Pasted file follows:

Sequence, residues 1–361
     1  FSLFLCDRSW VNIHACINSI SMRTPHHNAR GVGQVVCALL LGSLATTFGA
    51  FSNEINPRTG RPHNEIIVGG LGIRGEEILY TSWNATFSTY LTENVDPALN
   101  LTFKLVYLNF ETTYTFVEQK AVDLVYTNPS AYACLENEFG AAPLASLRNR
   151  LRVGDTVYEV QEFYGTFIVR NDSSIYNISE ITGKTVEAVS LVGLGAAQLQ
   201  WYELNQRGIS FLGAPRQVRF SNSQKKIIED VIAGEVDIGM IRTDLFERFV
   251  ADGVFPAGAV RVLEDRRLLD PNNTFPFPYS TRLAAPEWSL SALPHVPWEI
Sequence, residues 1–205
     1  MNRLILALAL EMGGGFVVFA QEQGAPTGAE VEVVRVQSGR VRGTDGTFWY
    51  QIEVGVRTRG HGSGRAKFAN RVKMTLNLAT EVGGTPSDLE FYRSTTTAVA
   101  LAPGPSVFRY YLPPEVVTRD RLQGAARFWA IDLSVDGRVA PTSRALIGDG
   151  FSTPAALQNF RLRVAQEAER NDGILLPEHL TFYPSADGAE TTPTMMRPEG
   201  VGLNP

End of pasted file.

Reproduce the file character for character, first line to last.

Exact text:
Sequence, residues 1–361
     1  FSLFLCDRSW VNIHACINSI SMRTPHHNAR GVGQVVCALL LGSLATTFGA
    51  FSNEINPRTG RPHNEIIVGG LGIRGEEILY TSWNATFSTY LTENVDPALN
   101  LTFKLVYLNF ETTYTFVEQK AVDLVYTNPS AYACLENEFG AAPLASLRNR
   151  LRVGDTVYEV QEFYGTFIVR NDSSIYNISE ITGKTVEAVS LVGLGAAQLQ
   201  WYELNQRGIS FLGAPRQVRF SNSQKKIIED VIAGEVDIGM IRTDLFERFV
   251  ADGVFPAGAV RVLEDRRLLD PNNTFPFPYS TRLAAPEWSL SALPHVPWEI
Sequence, residues 1–205
     1  MNRLILALAL EMGGGFVVFA QEQGAPTGAE VEVVRVQSGR VRGTDGTFWY
    51  QIEVGVRTRG HGSGRAKFAN RVKMTLNLAT EVGGTPSDLE FYRSTTTAVA
   101  LAPGPSVFRY YLPPEVVTRD RLQGAARFWA IDLSVDGRVA PTSRALIGDG
   151  FSTPAALQNF RLRVAQEAER NDGILLPEHL TFYPSADGAE TTPTMMRPEG
   201  VGLNP